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The Gospel proclaimed a salvation that excluded no one

Sixth Sunday of the Year: Lev 13:1-2 & 44-46; Ps 32; 1 Cor 10:31-11:1; Mk 1:40-45

By on Saturday, 11 February 2012

“A man infected with leprosy must shield his upper lip and cry: ‘Unclean, unclean.’ As long as the disease lasts he must be unclean; and therefore he must live apart; he must live outside the camp.”

The Old Testament laws governing the management of leprosy, the most feared affliction of the ancient world, seem harsh and insensitive to a scientific age. This terrible disease visited the most appalling disfigurement of its victims. Perhaps even worse than the disease itself was the social isolation and alienation that the law imposed. We must, of course, set these regulations against a world that understood little of the causes of leprosy. The only way to protect society from this highly contagious disease was the strict quarantine imposed by the law.

Leprosy, of course, is not the only affliction that marginalises and excludes people from our society. In subtle, and sometimes unconscious ways, our sinful attitudes and inadequacies can make many feel as if they were lepers. The bereaved frequently speak of people crossing the street to avoid them, presumably because they do not know how to respond to their grief. Offenders who have served their sentences, and are making every effort to build a new life, frequently cannot pass beyond closed doors. Many others find themselves victimised by popular prejudices. Among these we might include, at times, the unemployed living on social welfare, immigrants and those suffering mental illness of every kind. Many, in the course of their lives, will, like the proverbial leper, have felt the pain of social isolation.

The Gospel proclaimed a salvation that challenged the prejudices and exclusions of the ancient world. No one was excluded. Nobody was beyond salvation. This fundamental truth was encapsulated in the encounter of Jesus with the leper. “A leper came to Jesus and pleaded on his knees: ‘If you want to you can cure me.’ Feeling sorry for him, Jesus stretched out his hand and touched him. ‘Of course I want to! Be cured!’ ”

This brief narrative records not only the healing, but the reaction of Jesus to the suffering of the leper. There was an unspoken compassion, an acceptance that went beyond words, as Jesus reached out an touched what everybody else feared and rejected. The healing was not simply physical. It was emotional. The man went away, and, with a new sense of belonging and acceptance, rejoiced to speak about Jesus.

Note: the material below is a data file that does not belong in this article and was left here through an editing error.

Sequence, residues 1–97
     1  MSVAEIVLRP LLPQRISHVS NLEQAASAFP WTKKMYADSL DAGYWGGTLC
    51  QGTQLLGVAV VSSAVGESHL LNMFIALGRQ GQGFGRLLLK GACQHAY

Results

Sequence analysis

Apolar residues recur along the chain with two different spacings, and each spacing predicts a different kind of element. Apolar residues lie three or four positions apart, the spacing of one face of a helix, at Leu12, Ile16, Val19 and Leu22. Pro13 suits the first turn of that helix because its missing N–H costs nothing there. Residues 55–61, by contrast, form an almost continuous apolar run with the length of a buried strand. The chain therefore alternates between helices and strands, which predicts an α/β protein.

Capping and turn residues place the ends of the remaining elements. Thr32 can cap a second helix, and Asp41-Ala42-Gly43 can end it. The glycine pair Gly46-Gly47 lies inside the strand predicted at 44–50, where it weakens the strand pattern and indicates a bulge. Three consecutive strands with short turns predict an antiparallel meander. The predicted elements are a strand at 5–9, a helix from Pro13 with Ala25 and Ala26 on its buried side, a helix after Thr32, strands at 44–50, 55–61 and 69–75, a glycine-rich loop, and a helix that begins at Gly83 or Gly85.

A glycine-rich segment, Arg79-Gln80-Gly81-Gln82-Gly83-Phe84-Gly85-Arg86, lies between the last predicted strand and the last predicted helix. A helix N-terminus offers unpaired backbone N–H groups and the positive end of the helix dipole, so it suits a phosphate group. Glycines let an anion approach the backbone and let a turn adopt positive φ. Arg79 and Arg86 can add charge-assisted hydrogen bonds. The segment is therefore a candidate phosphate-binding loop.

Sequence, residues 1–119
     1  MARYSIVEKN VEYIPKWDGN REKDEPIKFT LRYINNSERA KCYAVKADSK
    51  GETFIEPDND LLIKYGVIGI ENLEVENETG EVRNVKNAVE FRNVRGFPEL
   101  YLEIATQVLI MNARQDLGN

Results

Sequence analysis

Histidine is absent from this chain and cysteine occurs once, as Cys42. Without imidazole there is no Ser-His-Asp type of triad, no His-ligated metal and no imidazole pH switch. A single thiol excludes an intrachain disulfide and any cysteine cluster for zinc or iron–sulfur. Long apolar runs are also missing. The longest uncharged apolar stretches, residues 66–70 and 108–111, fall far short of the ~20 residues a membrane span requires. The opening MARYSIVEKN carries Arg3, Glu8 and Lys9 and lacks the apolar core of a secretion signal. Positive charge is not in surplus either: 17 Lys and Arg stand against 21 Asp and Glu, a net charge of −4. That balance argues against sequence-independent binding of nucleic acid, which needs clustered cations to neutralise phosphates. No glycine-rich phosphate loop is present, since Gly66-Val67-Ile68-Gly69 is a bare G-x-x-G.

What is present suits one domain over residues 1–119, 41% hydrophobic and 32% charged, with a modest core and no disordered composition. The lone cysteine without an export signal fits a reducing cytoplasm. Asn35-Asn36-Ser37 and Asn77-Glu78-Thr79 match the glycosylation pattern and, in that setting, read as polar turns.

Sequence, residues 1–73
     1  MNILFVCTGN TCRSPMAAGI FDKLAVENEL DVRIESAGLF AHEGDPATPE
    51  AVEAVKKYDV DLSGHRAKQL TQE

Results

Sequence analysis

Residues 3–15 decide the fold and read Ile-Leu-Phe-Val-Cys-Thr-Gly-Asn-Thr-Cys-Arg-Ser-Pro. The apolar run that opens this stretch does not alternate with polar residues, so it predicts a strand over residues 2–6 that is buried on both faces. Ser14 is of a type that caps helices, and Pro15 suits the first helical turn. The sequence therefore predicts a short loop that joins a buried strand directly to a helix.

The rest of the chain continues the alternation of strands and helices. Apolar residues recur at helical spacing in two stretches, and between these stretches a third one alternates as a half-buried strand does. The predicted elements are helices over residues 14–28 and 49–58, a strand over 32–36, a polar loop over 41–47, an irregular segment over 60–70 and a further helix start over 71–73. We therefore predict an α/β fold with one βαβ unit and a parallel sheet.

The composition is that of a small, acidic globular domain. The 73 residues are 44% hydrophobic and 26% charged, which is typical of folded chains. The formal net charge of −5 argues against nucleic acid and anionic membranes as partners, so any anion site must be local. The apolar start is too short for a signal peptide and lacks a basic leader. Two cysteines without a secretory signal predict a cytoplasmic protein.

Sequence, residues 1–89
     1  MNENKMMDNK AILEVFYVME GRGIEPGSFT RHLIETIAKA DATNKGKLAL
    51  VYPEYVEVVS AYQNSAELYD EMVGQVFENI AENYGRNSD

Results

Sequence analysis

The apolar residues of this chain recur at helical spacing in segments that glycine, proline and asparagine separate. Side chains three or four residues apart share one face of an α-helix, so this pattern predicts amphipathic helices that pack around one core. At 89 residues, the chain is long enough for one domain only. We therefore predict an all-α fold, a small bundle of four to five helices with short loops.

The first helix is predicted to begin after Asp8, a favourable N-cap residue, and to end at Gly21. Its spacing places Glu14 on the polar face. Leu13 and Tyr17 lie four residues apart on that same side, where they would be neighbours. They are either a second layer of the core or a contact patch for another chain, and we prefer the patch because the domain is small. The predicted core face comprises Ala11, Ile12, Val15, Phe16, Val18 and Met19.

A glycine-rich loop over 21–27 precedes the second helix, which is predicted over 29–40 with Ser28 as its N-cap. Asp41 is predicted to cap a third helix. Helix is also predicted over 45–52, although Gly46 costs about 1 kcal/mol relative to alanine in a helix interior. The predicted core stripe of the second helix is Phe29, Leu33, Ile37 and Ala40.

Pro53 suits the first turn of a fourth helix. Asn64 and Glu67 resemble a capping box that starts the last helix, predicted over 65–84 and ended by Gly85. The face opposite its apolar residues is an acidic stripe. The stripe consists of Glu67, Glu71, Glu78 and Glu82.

The Gospel summons a sinful people to measure its many prejudices against the generosity with which Jesus accepted those rejected by society. Ultimately he came to be known as one who ate and drank with tax collectors and sinners, as the one who overturned the many prejudices of his own day.

It is sometimes difficult to stand beside those vilified by popular opinion. Let us pray that we, through the Lord, might become to the marginalised a means of healing and welcome.

Above all, let us remember that the Lord, who embraced the leper, will never refuse a humble and contrite heart.

The darkest isolation is never beyond Christ’s healing touch. In the words of St Paul, nothing can ever come between us and the love of God in Christ Jesus.

  • kj

    Sorry, but that statement is deceptive. While the proclamation is to all not everyone is able to enter heaven, as Jesus pointed out many leaving from following him. Only those written in the book of life are able to be saved.

  • Joe Q

     The Council of Trent infallibly said in the VII session in canon IV, “If any one saith, that the sacraments of the New Law are not necessary unto salvation, but superfluous; and that, without them, or without the desire thereof, men obtain of God, through faith alone, the grace of justification;-though all (the sacraments) are not indeed necessary for every individual; let him be anathema (excommunicated).” http://history.hanover.edu/texts/trent/ct07.html

  • Joe Q

    Baptism and going to confession after mortal sin are the normal ways of salvation. Lumen Gentium of Vatican II has the special way:
    “Those also can attain to salvation who through !!Condition!!!->no
    fault of their own do not know the Gospel of Christ or His Churchyet sincerely
    seek God and moved by grace strive by their deeds to do His will as it is known
    to them through the dictates of conscience.Notice is says can attain not have.

  • No name Jane

    And Vatican II proclaimed this:

    VATICAN II declared this in #7 of it’s decree Ad Gentes:
    all must be converted to Him, made known by the Church’s preaching, and
    all must be incorporated into Him by baptism and into the Church which
    is His body. For Christ Himself “by stressing in express language the
    necessity of faith and baptism (cf. Mark 16:16; John 3:5), at the same
    time confirmed the necessity of the Church, into which men enter by
    baptism, as by a door. Therefore those men cannot be saved, who though
    aware that God, through Jesus Christ founded the Church as something
    necessary, still do not wish to enter into it, or to persevere in it.”
    (Dogmatic constitution by Vatican II: Lumen Gentium 14) Therefore though
    God in ways known to Himself can lead those inculpably ignorant of the
    Gospel to find that faith without which it is impossible to please Him
    (Heb. 11:6), yet a necessity lies upon the Church (1 Cor. 9:16), and at
    the same time a sacred duty, to preach the Gospel. And hence missionary
    activity today as always retains its power and necessity.”

    Who does this influential statement say will be saved?

    All are called but not many care enough to say yes.